Philosophers' Imprint 12 (4) (2012)
|Abstract||Contemporary philosophers commonly suppose that any fundamental entities there may be are maximally determinate. More generally, they commonly suppose that, whether or not there are fundamental entities, any determinable entities there may be are grounded in, hence less fundamental than, more determinate entities. So, for example, Armstrong takes the physical objects constituting the presumed fundamental base to be “determinate in all respects” (1961, 59), and Lewis takes the properties characterizing things “completely and without redundancy” to be “highly specific” (1986, 60). Here I look at the usually cited reasons for these suppositions as directed against the case of determinable properties, in particular, and argue that none is compelling (Sections 1 to 3). The discussion in Section 3 moreover identifies positive reason for taking some determinable properties to be part of a fundamental (or relatively fundamental) base. I close (Section 4) by noting certain questions arising from the possibility of fundamental determinables, as directions for future research.|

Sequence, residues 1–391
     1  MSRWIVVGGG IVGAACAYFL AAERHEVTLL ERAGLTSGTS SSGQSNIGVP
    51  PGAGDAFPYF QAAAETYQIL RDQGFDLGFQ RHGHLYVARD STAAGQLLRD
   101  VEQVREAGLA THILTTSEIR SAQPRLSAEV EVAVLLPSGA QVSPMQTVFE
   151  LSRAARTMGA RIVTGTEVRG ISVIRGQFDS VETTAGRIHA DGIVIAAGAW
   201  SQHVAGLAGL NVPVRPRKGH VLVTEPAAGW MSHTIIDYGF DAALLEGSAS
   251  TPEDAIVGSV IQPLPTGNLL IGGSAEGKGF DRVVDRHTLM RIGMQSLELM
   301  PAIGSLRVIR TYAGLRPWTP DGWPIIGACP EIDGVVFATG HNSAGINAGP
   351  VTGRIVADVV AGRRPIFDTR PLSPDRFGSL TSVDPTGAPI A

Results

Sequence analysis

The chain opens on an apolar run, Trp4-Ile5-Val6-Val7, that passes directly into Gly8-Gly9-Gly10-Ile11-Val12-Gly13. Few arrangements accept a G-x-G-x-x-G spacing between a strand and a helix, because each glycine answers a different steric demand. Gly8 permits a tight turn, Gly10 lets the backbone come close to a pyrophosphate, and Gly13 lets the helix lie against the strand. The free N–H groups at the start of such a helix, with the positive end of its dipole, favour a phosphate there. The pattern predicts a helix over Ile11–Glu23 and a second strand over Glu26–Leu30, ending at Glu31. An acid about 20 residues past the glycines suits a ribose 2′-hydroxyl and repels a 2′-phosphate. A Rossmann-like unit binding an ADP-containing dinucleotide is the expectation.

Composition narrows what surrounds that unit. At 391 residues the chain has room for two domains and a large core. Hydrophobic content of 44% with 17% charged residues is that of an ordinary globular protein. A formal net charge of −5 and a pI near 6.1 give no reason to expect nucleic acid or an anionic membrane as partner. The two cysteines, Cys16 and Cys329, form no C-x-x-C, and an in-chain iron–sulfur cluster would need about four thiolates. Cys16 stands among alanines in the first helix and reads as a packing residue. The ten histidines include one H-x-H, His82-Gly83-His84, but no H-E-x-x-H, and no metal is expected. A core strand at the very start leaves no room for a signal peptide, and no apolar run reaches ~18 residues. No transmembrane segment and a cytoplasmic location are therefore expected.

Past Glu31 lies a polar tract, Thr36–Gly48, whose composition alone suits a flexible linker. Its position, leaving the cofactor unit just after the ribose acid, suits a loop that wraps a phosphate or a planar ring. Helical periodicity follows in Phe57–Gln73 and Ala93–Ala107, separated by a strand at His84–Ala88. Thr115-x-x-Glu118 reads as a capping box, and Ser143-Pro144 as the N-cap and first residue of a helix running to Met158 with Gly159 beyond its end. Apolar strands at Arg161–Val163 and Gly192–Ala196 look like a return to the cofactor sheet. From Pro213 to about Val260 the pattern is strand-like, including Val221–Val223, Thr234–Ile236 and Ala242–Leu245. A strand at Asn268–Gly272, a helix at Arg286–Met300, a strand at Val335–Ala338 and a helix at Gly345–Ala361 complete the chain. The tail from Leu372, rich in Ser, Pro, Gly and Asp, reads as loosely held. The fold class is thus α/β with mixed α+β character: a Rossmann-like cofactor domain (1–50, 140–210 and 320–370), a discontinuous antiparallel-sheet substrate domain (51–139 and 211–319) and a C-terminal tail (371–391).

|Keywords||metaphysics fundamentality determinable/determinate relation|
|Through your library||Configure|
Similar books and articles
E. J. Lowe (1998). Entity, Identity and Unity. Erkenntnis 48 (2-3):191-208.
Mariam Thalos (2010). Two Conceptions of Fundamentality. Philosophy of the Social Sciences 41 (2).
Eric Funkhouser (2006). The Determinable-Determinate Relation. Noûs 40 (3):548–569.
David A. Denby (2008). Generating Possibilities. Philosophical Studies 141 (2):191 - 207.
David H. Sanford, Determinates Vs. Determinables. Stanford Encyclopedia of Philosophy.
Bradley Rives (2005). The Non-Existence of Determinables: Or, a World of Absolute Determinates as Default Hypothesis. Noûs 39 (3):483 - 504.
Tim Crane (2008). Causation and Determinable Properties : On the Efficacy of Colour, Shape, and Size. In Jakob Hohwy & Jesper Kallestrup (eds.), Being Reduced: New Essays on Reduction, Explanation, and Causation. Oxford University Press.
Carl Gillett & Bradley Rives (2005). The Nonexistence of Determinables: Or, a World of Absolute Determinates as Default Hypothesis. Noûs 39 (3):483–504.
Jessica M. Wilson (2009). Determination, Realization and Mental Causation. Philosophical Studies 145 (1):149 - 169.
Added to index2010-08-20
Total downloads176 ( #1,776 of 549,196 )
Recent downloads (6 months)14 ( #4,618 of 549,196 )
How can I increase my downloads?